Parental Visitation: Know the keys to Helping Your Child Visit Their Parent in Jail

Children typically desire contact with their parents, even if a parent is incarcerated, so learn the ropes to keep the connection going: Keep it Simple Depending on the age of the child, you can explain without going into too much detail, why the parent is in jail. Preschool to elementary kids – Let them know […]

How Does a Bail Bond Process Work?

Many states allow defendants to be released from jail to wait for court by paying a percentage of the total bond amount. Percentages range from 10 to 20 percent depending on state law. Understand how the process works to help someone who's been arrested. What is a Bond? A bond is an amount of money […]

Can I Visit an Inmate if I am on Probation or Parole?

A friend or family member has been arrested and this has created chaos and stress. Before you race off to visit him or her in jail, if you are on probation or parole you need to take the following steps. Find out the Rules Some jails will not allow anyone on probation or parole to […]

What Does a 15 Years to Life Sentence Mean?

A sentence of 15 years to life, 25 years to life or similar sounding words all mean the same thing. The only difference is the time frame. What the Number Means The number in the sentence indicates the minimum number of years the inmate must serve before he or she can be considered for parole. […]

Consequences of Providing Contraband to an Inmate

It is never a good idea to mail contraband to an inmate or to bring it on a visit. The consequences for such actions are serious not only for the inmate, but also for you. What is Contraband? Contraband is anything that inmates are not allowed to have in their possession. Obvious examples are weapons, […]

Voting Rights for Felons in Alabama

The state of Alabama allows felons to have their voting rights restored under the following guidelines. You must have completed your entire sentence, including incarceration, probation, and parole, or community supervision. Once completed, you have three options: Contact your local parole or probation office Write to the Board of Pardons and Parole

Maine Marijuana Laws: Decriminalized but Still Tricky

Decriminalizing Pot doesn't always mean it is completely legal. Here are some current guidelines. Possession Unlike several other states that chose an ounce as the cutoff for a civil penalty, Maine allows you to possess up to 2.5 ounces and still receive a civil ticket. The fine is a flat $600 regardless of the amount. […]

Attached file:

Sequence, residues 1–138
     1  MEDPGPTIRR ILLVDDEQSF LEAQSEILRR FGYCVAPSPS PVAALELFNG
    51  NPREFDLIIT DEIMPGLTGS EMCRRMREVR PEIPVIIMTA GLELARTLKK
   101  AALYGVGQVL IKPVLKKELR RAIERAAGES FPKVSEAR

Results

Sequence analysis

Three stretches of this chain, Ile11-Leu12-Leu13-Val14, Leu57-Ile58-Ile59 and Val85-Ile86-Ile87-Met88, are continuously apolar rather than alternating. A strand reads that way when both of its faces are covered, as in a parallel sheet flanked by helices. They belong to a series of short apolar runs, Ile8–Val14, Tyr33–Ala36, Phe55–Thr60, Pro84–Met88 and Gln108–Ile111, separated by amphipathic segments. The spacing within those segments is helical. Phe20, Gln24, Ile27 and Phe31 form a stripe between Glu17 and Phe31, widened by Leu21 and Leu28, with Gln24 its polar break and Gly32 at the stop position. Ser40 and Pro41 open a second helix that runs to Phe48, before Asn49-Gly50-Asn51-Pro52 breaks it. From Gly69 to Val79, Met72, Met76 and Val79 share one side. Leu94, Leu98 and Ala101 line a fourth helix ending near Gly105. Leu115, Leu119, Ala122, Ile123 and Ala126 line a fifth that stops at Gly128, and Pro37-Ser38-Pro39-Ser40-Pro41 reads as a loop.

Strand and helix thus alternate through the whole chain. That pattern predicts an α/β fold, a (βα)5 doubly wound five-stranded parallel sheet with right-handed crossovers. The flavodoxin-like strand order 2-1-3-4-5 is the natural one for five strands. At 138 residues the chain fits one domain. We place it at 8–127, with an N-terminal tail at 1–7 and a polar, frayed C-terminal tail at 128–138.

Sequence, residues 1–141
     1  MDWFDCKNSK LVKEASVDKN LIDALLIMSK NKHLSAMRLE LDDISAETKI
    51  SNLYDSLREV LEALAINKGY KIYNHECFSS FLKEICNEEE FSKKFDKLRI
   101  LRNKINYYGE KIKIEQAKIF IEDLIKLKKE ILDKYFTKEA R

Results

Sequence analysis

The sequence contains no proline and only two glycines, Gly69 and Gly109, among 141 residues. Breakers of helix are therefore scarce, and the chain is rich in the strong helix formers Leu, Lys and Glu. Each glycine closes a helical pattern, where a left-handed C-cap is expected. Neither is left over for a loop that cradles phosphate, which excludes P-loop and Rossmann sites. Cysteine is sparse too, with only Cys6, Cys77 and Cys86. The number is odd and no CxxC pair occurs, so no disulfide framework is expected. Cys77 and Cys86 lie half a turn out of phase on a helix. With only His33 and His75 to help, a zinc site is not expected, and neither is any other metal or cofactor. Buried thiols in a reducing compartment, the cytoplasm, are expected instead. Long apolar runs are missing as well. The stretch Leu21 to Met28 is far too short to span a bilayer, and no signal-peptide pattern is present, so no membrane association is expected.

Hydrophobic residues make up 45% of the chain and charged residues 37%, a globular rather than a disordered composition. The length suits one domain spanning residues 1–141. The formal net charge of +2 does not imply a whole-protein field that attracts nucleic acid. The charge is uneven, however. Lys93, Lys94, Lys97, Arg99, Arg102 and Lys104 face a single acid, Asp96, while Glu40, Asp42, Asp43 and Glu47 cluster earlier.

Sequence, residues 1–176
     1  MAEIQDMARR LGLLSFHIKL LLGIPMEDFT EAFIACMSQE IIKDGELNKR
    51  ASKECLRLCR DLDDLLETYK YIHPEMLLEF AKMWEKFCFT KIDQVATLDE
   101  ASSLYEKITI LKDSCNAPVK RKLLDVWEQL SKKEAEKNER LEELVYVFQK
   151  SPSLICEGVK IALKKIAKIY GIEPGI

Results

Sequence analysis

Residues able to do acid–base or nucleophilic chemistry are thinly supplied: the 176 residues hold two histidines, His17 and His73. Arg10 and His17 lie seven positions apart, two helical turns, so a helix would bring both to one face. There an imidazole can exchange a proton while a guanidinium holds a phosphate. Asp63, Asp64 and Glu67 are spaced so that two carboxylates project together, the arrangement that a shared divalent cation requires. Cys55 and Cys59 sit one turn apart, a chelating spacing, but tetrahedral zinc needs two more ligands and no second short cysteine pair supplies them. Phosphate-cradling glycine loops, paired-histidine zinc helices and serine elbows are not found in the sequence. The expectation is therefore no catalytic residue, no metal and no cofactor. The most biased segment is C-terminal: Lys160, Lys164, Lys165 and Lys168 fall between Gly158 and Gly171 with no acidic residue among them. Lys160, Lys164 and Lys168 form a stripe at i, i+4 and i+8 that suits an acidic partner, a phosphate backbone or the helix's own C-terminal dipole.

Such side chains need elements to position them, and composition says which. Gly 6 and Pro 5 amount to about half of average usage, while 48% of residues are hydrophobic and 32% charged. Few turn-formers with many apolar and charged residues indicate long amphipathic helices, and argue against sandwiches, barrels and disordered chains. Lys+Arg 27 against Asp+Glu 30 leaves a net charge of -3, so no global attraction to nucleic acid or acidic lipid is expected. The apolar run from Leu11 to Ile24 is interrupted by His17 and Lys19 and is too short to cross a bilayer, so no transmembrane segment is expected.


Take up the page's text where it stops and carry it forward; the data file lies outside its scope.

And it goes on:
4 Good Places to Find Prison Pen Pals

Learn About Them Through friends. If you know someone who is incarcerated or has a family member incarcerated, ask for the name of an inmate who might like having a pen pal. This is an excellent way to meet pen pals because they can give a personal recommendation. Use Pen Pal Sites. There are several […]

Can a Felon Possess a Gun In Georgia?

Georgia law is very clear on its position regarding convicted felons in that state owning or possessing firearms: It follows the federal law when it comes to guns and felons. The Basics: With the exception of a felony conviction that is non-violent and related exclusively to a business-related crime, if you have ever been convicted […]

Getting a Felon's Voting Rights Restored in Massachusetts

Voting is one of the most fundamental rights given to American citizens, but that right can be lost if you're a convicted felon. It's up to the each state to decide their laws about restoring rights. The laws for Massachusetts include: If You're Charged If you've been charged with a crime, but have not yet […]

Massachusetts Marijuana Laws

Decriminalizing Marijuana doesn't always mean it is completely legal. In some cases, such as in Massachusetts, possession of less than an ounce is no longer a crime but is now a civil offense. Possession It is a civil offense to possess one ounce or less of Marijuana. If found guilty the fine is $100. In […]

Can a Felon Own a Gun In New Mexico?

Generally speaking, federal law makes it a crime for a convicted felon to own or possess a gun or ammunition. If you were convicted of a federal felony crime, you must receive a presidential pardon if you are to ever own a firearm again. Some states, however, have specifically designed laws regarding felons convicted of […]

Why Doesn't An Addict Get Clean After Overdosing?

As told by an addict who overdosed and almost died twice before giving up drugs. How often did you get high before you overdosed? By the time I overdosed the first time, I was getting high on a daily basis. I no longer took drugs to enjoy a high. I took them to avoid being […]

When the Newness of Sobriety Wears Off

Sobriety is like a love relationship. When you start out, everything is exciting and new. When I first got clean, everything I read, saw and heard about sobriety was very attractive to me. I spent my free time getting to know it in the same way I would get to know a new woman. The […]

Hundreds more 'Straight Up Answers'...

Visiting an Inmate in the King County Kent Jail in Washington

If you're interested in visiting an inmate at Seattle's Kent jail, there are several guidelines visitors will have to follow. The following information will walk through the steps and describe the jail's visiting schedule.

Before arriving to the jail, please note that all cell phones, food, drinks, purses, diaper bags, pocket knives and personal items are not permitted in the visiting booth.  The jail does have locker space to store those personal belongings during the visit.

Jails have strict dress codes for all visitors. Kent's dress code does not allow mini-skirts, shorts and any revealing clothing that's low-cut and see-through. All clothes must be appropriate and shoes must be worn at all times.